Andy Murray: 'If anyone can come back from an injury like that, he can,' says top coach Jose Higueras

Andy Murray has not played since the Davis Cup event in November
Andy Murray has not played since the Davis Cup event in Madrid in November

One of the leading coaches in tennis, Jose Higueras, is tipping Andy Murray to make a successful return.

The former world number one is currently off the tour with pelvic bone bruising, having had hip replacement surgery at the beginning of 2019.

The 32-year-old Scot has not played since the Davis Cup finals in November.

"If there's a chance anyone can come back from an injury like that, I think Andy will," said Higueras, who has worked with Roger Federer.

Pete Sampras, Jim Courier and Michael Chang are other Grand Slam winners to have worked with the 66-year-old Spaniard, who is is guest coach for a week at the new LTA tennis academy in Stirling.

"Andy is a great player and someone who I enjoy watching because he plays an all-court game, which is the way I like to watch tennis," he said.

"One of the toughest things for me with athletes is when their careers are hindered by injury. I think it was a very unfortunate thing for him because he was at the top of his game when it happened.

"If there is no chance because of the nature of the injury then it's out of his control, but I'm hoping that he can recover fully and if there is a chance then yes, I think he's going to come back."

Murray's return to singles started in Cincinnati last August, culminating in victory at the European Open in Antwerp in October.

Following his latest setback, the three-time Grand Slam winner is now contemplating whether he will be fit enough for the upcoming US hard-court campaign.

Currently ranked at 128, he would rely on wildcard invitations to play at the Masters events at Indian Wells at the beginning of March or in Miami towards the end of the month.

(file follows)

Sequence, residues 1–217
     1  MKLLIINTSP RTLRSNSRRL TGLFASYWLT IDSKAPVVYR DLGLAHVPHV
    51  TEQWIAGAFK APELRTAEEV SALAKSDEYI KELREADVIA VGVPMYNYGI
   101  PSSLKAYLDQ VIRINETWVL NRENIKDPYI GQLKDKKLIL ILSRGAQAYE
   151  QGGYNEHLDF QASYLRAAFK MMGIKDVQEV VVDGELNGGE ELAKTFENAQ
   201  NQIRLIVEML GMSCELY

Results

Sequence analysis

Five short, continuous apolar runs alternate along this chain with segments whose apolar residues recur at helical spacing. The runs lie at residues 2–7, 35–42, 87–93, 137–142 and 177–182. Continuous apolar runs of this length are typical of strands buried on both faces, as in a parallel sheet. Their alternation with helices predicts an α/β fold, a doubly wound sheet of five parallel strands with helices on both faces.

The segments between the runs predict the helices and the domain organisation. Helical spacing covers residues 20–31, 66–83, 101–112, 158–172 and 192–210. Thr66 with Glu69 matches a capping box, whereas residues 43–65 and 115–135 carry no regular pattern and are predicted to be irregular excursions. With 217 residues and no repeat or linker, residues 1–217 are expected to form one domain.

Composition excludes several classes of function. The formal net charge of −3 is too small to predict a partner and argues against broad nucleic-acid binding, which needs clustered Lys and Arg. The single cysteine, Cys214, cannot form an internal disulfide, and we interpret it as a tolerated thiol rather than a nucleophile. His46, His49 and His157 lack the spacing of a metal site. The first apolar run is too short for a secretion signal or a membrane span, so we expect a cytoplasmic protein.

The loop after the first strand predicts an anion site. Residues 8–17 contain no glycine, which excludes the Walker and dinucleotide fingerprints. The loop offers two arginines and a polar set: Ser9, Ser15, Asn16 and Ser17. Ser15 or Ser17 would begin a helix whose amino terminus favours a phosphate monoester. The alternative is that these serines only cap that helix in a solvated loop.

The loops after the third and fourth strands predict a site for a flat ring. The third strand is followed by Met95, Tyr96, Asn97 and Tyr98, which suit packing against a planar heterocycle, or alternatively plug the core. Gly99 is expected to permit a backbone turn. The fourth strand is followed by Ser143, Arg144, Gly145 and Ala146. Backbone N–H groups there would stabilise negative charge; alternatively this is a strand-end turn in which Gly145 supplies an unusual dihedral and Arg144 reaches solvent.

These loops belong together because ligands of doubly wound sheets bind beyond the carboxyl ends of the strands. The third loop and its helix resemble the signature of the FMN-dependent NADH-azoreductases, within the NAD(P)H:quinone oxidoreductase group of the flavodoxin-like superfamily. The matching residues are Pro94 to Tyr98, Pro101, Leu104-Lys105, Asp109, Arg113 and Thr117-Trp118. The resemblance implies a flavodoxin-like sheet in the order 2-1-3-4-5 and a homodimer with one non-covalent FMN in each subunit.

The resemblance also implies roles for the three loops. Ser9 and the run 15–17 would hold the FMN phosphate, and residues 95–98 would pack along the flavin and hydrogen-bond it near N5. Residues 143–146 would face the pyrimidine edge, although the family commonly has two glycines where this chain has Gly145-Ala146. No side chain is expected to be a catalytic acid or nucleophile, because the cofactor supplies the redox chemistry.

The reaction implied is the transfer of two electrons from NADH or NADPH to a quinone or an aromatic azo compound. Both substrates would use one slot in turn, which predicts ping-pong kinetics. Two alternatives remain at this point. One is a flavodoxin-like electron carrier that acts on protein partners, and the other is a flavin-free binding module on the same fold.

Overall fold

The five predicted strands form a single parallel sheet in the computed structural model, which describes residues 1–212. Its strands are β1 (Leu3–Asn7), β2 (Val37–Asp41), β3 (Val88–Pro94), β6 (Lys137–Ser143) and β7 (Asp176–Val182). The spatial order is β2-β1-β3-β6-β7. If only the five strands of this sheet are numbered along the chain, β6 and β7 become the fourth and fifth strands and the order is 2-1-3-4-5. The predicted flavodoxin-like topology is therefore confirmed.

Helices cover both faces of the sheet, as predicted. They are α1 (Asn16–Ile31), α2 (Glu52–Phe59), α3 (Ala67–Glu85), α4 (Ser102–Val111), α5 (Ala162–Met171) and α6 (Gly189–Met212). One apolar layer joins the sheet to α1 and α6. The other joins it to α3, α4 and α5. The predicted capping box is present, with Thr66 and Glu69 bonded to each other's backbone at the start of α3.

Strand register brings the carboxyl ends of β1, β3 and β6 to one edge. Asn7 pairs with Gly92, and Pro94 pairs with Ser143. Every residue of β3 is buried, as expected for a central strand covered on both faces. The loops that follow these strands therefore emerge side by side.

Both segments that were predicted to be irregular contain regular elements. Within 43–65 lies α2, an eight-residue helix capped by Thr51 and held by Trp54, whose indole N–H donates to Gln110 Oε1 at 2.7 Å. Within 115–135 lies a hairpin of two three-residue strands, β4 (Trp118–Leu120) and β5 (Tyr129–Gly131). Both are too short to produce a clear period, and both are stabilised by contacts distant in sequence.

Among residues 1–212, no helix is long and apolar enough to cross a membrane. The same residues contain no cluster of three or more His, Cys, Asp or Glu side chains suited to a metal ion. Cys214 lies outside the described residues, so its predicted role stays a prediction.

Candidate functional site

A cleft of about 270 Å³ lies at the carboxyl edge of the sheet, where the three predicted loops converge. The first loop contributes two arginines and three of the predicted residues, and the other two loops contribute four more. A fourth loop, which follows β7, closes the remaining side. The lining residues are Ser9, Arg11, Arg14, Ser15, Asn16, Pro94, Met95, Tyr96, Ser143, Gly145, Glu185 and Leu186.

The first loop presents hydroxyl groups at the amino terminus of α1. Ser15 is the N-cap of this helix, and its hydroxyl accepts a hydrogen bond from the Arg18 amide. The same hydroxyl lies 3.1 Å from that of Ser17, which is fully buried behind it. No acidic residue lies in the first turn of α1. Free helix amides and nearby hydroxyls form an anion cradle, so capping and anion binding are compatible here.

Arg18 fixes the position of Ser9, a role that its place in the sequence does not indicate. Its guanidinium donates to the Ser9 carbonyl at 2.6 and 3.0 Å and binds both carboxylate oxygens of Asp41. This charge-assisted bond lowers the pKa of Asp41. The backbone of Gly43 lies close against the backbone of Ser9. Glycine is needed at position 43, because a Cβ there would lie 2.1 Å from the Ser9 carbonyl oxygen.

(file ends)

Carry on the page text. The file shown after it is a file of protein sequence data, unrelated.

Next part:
'Hard work' is the message from Murray

Jose Higueras (centre) with the first intake of students at the LTA tennis academy in Stirling
Jose Higueras(centre) with the first intake of students at the LTA tennis academy in Stirling

Meanwhile, Murray has been helping the only Scot in either of the LTA academies; Matthew Rankin from Edinburgh.

The 15-year-old last spoke to the double Wimbledon champion just before Christmas and was urged to work hard and take advantage of the opportunity he has been given.

"I've met him a couple of times," said the teenager. "To speak to him is just amazing, I can learn so many things from him.

"I've watched him on TV, I've watched his interviews. To see him continue his career throughout my life, it's a big motivation for me to be like him.

"I was doing a training session and he was training at my club. He was just asking me how things were. I asked him what tips he'd give and he said 'stick at it, just keep working hard'."

The Stirling academy has a first intake of eight students, who receive coaching and sports science back-up at Stirling University on top of an education at Dollar Academy.

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